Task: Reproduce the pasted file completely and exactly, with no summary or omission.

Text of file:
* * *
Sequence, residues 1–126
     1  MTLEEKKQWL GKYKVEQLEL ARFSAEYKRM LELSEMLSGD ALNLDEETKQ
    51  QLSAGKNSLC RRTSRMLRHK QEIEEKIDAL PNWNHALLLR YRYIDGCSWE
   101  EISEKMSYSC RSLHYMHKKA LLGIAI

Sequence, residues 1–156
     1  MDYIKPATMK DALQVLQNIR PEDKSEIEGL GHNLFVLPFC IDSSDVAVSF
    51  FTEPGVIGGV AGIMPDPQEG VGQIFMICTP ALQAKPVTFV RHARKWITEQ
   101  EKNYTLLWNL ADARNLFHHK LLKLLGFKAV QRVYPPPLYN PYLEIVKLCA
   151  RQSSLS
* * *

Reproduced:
Sequence, residues 1–126
     1  MTLEEKKQWL GKYKVEQLEL ARFSAEYKRM LELSEMLSGD ALNLDEETKQ
    51  QLSAGKNSLC RRTSRMLRHK QEIEEKIDAL PNWNHALLLR YRYIDGCSWE
   101  EISEKMSYSC RSLHYMHKKA LLGIAI

Sequence, residues 1–156
     1  MDYIKPATMK DALQVLQNIR PEDKSEIEGL GHNLFVLPFC IDSSDVAVSF
    51  FTEPGVIGGV AGIMPDPQEG VGQIFMICTP ALQAKPVTFV RHARKWITEQ
   101  EKNYTLLWNL ADARNLFHHK LLKLLGFKAV QRVYPPPLYN PYLEIVKLCA
   151  RQSSLS